Add pictures here
<% if( /^image/.test(type) ){ %>
<% } %>
<%-name%>
Add image file
Upload
"Michael A. Terrell" wrote:

I'm pretty sure the research on it was done later than the '60s. Hopefully current firefighters know about it.
Add pictures here
<% if( /^image/.test(type) ){ %>
<% } %>
<%-name%>
Add image file
Upload
"Pete C." wrote:

I no longer know any firefighters. The last ones that I knew were part of my company (Headquarters Commmand) at Ft. Greeley Alaska in '74.
Add pictures here
<% if( /^image/.test(type) ){ %>
<% } %>
<%-name%>
Add image file
Upload
Pete C. wrote:

True, BUT if you're hearing ammo cook off do you KNOW what else may be in that fire? How about that can of black powder the owner has for his muzzle loader? Or the reloading supplies cabinet with 20 pounds of powder stored in it?
In the above case I would have dumped water on it from the street and protected the exposures.
It comes down to what you have for equipment, training and information on scene.
If I have a homeowner standing there to ask what do you have in ammo/powder/primers/whatever else. Then I can say, yes let's go in an attack the fire OR no the danger is to high to warrant that, stay out and surround & drown the place. If there is nobody around who lives in that home to answer those questions then you stay out and dump water from a distance. You don't go by the neighbors or friends words either. They may not KNOW what is actually in that house.
--
Steve W.

Add pictures here
<% if( /^image/.test(type) ){ %>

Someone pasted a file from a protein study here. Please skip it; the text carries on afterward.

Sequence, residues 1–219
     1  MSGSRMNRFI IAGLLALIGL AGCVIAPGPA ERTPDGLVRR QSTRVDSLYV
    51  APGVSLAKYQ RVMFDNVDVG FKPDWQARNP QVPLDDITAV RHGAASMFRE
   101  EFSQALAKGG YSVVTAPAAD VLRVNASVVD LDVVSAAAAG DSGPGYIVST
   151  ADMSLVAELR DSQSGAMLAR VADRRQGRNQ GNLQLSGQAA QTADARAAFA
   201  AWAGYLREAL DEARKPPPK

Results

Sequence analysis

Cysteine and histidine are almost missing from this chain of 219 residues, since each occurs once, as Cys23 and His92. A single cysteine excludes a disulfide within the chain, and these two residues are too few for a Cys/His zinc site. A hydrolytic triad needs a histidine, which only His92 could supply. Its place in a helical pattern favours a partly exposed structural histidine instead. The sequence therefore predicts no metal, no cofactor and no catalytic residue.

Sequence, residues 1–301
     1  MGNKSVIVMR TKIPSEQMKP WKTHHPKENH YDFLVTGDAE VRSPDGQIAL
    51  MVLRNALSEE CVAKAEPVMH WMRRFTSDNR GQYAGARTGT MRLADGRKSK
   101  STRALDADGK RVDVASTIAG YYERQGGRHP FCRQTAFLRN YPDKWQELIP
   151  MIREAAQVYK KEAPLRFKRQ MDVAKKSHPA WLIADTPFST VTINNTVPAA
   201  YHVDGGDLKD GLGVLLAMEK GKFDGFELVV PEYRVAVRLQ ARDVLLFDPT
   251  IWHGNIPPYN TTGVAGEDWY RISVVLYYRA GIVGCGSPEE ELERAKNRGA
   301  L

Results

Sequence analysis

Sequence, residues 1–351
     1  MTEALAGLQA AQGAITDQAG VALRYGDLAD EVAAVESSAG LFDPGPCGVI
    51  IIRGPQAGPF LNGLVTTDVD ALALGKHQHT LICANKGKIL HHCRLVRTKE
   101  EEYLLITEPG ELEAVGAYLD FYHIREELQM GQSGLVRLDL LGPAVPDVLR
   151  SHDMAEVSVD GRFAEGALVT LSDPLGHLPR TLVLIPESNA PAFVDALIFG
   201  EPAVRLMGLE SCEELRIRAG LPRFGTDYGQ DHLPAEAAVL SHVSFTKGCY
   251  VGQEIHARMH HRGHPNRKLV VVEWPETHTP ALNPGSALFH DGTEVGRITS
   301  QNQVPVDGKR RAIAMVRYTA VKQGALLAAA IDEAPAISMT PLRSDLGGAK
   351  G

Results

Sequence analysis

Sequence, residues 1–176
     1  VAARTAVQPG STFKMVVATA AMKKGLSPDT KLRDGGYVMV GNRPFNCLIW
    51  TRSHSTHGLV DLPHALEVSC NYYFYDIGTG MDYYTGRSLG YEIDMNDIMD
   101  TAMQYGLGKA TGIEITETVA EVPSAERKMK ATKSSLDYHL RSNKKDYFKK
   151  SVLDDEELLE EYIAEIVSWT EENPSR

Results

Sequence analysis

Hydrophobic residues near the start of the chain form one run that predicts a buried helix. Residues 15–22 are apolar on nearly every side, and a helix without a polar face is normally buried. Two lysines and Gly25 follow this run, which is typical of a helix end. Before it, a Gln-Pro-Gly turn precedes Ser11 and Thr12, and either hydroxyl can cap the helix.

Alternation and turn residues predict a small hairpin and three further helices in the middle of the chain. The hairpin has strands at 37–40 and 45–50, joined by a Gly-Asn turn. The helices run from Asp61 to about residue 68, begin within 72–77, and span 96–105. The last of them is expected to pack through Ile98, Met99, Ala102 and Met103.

<% } %>
<%-name%>
Add image file
Upload
On Thu, 10 Jan 2013 15:03:06 -0500, "Michael A. Terrell"

I'm sorry. I thought when you said "chambered round" you were discussing concealed carry + firemen. Never mind. (rolls eyes)
--
I started out with nothing and
I still have most of it left!
  Click to see the full signature.
Add pictures here
<% if( /^image/.test(type) ){ %>
<% } %>
<%-name%>
Add image file
Upload
wrote:

When they heard the shot they backed away and let it burn.
Add pictures here
<% if( /^image/.test(type) ){ %>
<% } %>
<%-name%>
Add image file
Upload
Jim Wilkins wrote:

I can think of three ammo related injuries to firemen in the past 2 years. These were local to me so I would bet there are others.
--
Steve W.

Add pictures here
<% if( /^image/.test(type) ){ %>
<% } %>
<%-name%>
Add image file
Upload
wrote:

What were the injuries?
Gunner
Add pictures here
<% if( /^image/.test(type) ){ %>
<% } %>
<%-name%>
Add image file
Upload

Polytechforum.com is a website by engineers for engineers. It is not affiliated with any of manufacturers or vendors discussed here. All logos and trade names are the property of their respective owners.